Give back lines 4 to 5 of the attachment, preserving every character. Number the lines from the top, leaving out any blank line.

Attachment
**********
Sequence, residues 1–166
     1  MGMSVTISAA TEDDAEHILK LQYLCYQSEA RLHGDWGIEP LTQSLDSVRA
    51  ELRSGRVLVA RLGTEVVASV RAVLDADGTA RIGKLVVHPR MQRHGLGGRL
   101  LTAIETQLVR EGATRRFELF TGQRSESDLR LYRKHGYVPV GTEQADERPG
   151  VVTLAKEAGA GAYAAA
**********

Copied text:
   101  LTAIETQLVR EGATRRFELF TGQRSESDLR LYRKHGYVPV GTEQADERPG
   151  VVTLAKEAGA GAYAAA